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Reading Witchcraft: Stories of Early English Witches [Paperback]

Marion Gibson

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Book Description

6 May 1999

In this original study of witchcraft, Gibson explores the stories told by and about witches and their 'victims' through trial records, early news books, pamphlets and fascinating personal accounts. The author discusses the issues surrounding the interpretation of original historical sources and demonstrates that their representations of witchcraft are far from straight forward or reliable. Innovative and thought-provoking, this book sheds new light on early modern people's responses to witches and on the sometimes bizarre flexibility of the human imagination.

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More About the Author

I'm Associate Professor of Renaissance and Magical Literatures at Exeter University in the UK. I write about witches, paganism and the supernatural in literature and culture from the middle ages to the present day.

My interest in stories of magic and witchcraft began when I first read accounts of witch trials in Elizabethan England: I realised that whilst I didn't believe that the accused people had been doing actual magic that worked, I had no good explanation of why they would confess that they had been, and tell such elaborate stories about it. What was going on here? From this simple question came my lifelong interest in storytelling about magical events and supernatural beings.

My current work is about pagan gods and goddesses as imagined in British literature from around 540 AD to the present. My book Imagining the Pagan Past is about why and how people told stories of these deities, what ideas scholars had about their origin and identity, and what kinds of satisfaction and pleasure stories of pagan worship offer to readers. I look at how Christian writers flirted with the notion of other kinds of deity and how goddesses in particular attracted writers from the middle ages onward. Some of the authors I discuss are Geoffrey of Monmouth, Bede, Camden, Spenser, Shakespeare, Milton, Dryden, Macpherson, Blake, Bulwer-Lytton and Wells. I bring the story up to date with writers like Naomi Mitchison, Ted Hughes, Mark Chadbourn and Victor Tapner, among others.

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"Future scholars will be indebted to her book, and invaluable manual and "vade mecum as well as an original, important and stimulating monograph."-"American Historical Review "Several years ago the university of Exter began an interdisciplary Master's Degree progam in history and literature of witchcraft. This book, whose author is a lecturer at Exeter, demonstrates some of the intentions of that program. On the surface of it, "Reading "Witchcraft has an interesting and provocative premise. The Author has taken the relatively small body of Jacobean and early Elizabethan wotchcraft pamphlets and proposed that these documents are important and need to be taken seriously. This reviewer looked forward to a careful analytical presentation of some of the documents, a rpesentation written in the light of the multidisciplinary program at Exeter..""Such an approach to the study of the witchcraft pamphlets is nothing new. Scholars working in the area of English witchcraft studies know these documents virtually from emmory. Earlier historians have suggested we use these pamphlets as important primary documents and have analyzed them. They were presented by C. L'Estrange Ewen in his anthology, "Witchcraft and Demonology, in 1933. But, it is certainly worthwhile to encourage a detailed study of these documents and to not dismiss them out of hand as being bits of inflammatory and sensational popular literature. Gibson proposes furhter that the documents need careful examination and categorizing "deconstruction" as she puts it, to help the historian or sociologist evaluate the data presented. This approach also soed not present a problem. Questions to be asked include: What exactly was awitchcraft pamphlet?.""Are we to take these documents as faithful descriptions of "witches"? Can we say that these documents present "reality" from their questioning sessions, and lastly their trials? Can we determine anything from a study of the authors of the pamphlets. What were the motivies of the authors? How close were they to the actual events of a witch's arrest and trial? Did the pamphlets change as time passed? Such ar eGibson's concerns. Again, these are not new concerns for a historian, but it is worthwhile mentioning them from time to time for the enlightenment of the student or colleague..""The reader's problem arises in part with the arrangenemt of "Reading Witchcraftitself. this seems to be two different books uneasily wover together. On the one hand we have a sort of "Dummies Guide to Interpreting Witchcraft Pamphlets" and on the other hand we have a lengthy historiography essay about a large number of recent authors who have wtried to deal with these pamphlets. One would wish the author had put her own proposed methods of analysis into pratice more with selected specific documents ahd had left aside some of the histography. Or, if this was not possible, then one wishes that she had written a longer book naturally divided into two parts to present these two components in greater detail.."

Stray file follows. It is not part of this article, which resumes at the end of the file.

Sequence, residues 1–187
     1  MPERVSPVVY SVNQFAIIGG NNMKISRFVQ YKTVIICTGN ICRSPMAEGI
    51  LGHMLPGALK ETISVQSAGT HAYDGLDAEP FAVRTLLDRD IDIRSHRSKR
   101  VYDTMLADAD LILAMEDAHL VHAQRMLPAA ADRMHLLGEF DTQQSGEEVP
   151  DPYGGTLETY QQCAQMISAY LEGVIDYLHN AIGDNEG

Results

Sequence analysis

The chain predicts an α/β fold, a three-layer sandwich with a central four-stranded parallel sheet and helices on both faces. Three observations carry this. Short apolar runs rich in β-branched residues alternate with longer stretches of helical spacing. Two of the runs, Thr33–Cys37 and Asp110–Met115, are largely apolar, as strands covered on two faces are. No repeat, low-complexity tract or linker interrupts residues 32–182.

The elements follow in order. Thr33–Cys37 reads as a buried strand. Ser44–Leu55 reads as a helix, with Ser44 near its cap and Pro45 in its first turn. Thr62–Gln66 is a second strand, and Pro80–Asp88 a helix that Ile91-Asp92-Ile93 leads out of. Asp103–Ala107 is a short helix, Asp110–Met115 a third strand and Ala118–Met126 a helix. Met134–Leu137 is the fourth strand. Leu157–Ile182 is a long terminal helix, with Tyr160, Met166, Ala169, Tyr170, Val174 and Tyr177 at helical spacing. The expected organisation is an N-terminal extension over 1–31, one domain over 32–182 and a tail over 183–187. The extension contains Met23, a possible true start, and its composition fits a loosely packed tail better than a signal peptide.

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First Sentence
In trying to understand witchcraft, the logical place to begin is with the 'witches' themselves. Read the first page
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Front Cover | Copyright | Table of Contents | Excerpt | Index | Back Cover
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